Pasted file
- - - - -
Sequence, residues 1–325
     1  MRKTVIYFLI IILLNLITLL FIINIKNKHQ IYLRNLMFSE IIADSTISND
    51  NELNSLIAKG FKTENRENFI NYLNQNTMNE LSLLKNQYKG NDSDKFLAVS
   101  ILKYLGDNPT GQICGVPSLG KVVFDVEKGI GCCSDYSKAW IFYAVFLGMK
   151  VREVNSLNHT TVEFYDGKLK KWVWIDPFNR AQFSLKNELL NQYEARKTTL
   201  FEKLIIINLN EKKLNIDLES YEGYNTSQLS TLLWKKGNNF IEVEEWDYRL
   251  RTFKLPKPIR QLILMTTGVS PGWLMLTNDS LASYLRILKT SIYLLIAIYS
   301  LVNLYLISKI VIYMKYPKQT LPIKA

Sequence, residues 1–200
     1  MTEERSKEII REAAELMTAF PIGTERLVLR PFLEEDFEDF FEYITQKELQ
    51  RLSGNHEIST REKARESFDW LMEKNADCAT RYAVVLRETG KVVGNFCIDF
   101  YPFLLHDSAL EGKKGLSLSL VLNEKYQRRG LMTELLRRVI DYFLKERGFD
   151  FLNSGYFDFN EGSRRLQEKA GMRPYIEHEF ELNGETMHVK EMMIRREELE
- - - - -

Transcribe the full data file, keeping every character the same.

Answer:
Sequence, residues 1–325
     1  MRKTVIYFLI IILLNLITLL FIINIKNKHQ IYLRNLMFSE IIADSTISND
    51  NELNSLIAKG FKTENRENFI NYLNQNTMNE LSLLKNQYKG NDSDKFLAVS
   101  ILKYLGDNPT GQICGVPSLG KVVFDVEKGI GCCSDYSKAW IFYAVFLGMK
   151  VREVNSLNHT TVEFYDGKLK KWVWIDPFNR AQFSLKNELL NQYEARKTTL
   201  FEKLIIINLN EKKLNIDLES YEGYNTSQLS TLLWKKGNNF IEVEEWDYRL
   251  RTFKLPKPIR QLILMTTGVS PGWLMLTNDS LASYLRILKT SIYLLIAIYS
   301  LVNLYLISKI VIYMKYPKQT LPIKA

Sequence, residues 1–200
     1  MTEERSKEII REAAELMTAF PIGTERLVLR PFLEEDFEDF FEYITQKELQ
    51  RLSGNHEIST REKARESFDW LMEKNADCAT RYAVVLRETG KVVGNFCIDF
   101  YPFLLHDSAL EGKKGLSLSL VLNEKYQRRG LMTELLRRVI DYFLKERGFD
   151  FLNSGYFDFN EGSRRLQEKA GMRPYIEHEF ELNGETMHVK EMMIRREELE